In the wake of Hurricane Sandy, local community foundations across the storm-affected area were called to great leadership. They offered guidance on how to support vulnerable communities, information and evidence on the extent of the destruction, and bringing together funders and nonprofit organizations together to act locally and effectively.
The Brooklyn Community Foundation (BCF) emerged as a leader in this area within days following the storm. Using funds from the Center for Disaster Philanthropy Hurricane Sandy Disaster Fund, the community foundation trained local leadership how to manage and recruit volunteers, thus harnessing their talents to carry out crucial relief and recovery work. Leaders also gained skills on how to prepare before the next storm strikes.
Brooklyn Community Foundation worked closely with NeighborWorks America to provide a two-day training program on volunteer management. The workshops focused on developing the knowledge, skills and abilities required to organize volunteers after a disaster. It also supported the development of leadership skills for community volunteers to organize, campaign, recruit, and manage the ongoing volunteer emergency response teams.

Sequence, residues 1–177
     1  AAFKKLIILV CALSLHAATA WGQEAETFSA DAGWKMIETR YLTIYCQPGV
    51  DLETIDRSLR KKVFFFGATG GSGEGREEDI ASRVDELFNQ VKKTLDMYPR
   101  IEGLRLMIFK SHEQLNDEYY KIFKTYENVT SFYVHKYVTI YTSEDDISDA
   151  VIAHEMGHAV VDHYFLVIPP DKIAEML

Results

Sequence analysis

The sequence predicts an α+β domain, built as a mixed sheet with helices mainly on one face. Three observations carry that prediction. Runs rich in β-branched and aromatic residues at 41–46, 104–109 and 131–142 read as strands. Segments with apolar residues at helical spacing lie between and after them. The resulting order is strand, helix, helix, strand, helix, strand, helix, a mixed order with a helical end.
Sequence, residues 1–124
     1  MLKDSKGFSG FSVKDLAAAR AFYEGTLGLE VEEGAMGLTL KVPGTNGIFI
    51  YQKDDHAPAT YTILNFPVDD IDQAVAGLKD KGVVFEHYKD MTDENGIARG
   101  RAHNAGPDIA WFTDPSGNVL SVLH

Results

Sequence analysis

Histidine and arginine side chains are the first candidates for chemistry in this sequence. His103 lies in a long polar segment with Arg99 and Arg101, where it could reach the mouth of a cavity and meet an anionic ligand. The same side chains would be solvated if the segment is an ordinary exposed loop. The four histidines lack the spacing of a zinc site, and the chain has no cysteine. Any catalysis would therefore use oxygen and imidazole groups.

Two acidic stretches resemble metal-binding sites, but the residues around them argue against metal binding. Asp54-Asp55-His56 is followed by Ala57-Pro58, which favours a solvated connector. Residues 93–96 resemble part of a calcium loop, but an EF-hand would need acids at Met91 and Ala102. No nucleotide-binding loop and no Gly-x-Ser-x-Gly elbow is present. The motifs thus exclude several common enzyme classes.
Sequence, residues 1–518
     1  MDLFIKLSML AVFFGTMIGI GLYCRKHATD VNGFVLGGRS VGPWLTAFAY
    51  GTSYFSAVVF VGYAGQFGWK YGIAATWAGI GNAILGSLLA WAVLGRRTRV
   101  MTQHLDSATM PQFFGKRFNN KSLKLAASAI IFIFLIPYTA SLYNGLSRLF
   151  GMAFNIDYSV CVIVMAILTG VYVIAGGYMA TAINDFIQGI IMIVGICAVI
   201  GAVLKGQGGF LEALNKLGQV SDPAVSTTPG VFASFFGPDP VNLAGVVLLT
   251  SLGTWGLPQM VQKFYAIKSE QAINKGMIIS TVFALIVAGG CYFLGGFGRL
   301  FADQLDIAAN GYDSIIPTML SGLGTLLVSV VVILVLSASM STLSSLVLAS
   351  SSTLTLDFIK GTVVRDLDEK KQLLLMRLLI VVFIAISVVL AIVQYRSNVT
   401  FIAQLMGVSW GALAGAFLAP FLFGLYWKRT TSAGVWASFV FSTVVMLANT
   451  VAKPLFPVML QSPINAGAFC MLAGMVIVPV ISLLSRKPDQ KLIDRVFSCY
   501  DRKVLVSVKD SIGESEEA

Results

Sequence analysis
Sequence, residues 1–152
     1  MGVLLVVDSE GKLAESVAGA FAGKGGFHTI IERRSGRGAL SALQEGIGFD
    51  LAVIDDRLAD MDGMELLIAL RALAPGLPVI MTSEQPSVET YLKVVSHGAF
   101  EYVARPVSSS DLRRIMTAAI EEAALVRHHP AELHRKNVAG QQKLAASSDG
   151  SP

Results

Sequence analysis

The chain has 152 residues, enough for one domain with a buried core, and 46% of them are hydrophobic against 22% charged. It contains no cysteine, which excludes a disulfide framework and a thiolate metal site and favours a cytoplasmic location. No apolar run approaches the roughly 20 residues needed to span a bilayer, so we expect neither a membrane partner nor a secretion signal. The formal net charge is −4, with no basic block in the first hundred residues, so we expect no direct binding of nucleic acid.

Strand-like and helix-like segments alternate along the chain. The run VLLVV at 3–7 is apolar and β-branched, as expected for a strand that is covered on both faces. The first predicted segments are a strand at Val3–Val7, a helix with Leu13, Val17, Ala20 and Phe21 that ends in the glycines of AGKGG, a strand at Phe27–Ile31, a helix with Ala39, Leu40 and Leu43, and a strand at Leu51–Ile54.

“Community groups were the first line of response and assistance in many of our neighborhoods when Super storm Sandy came ashore,” said Gillian Kaye, director, Brooklyn Recovery Fund. “With a grant from the Center for Disaster Philanthropy, we provided NeighborWorks Block and Building Captain Response Team training to our shorefront communities. Now these communities have a blueprint for implementing this level of organized response. Resident leaders have increased capacity and understanding of how to create a block and building captain response network, how to recruit leaders for implementation and how to align this system with OEM’s incident command structure for maximum impact and coordination.”
About 40 local leaders attended the training.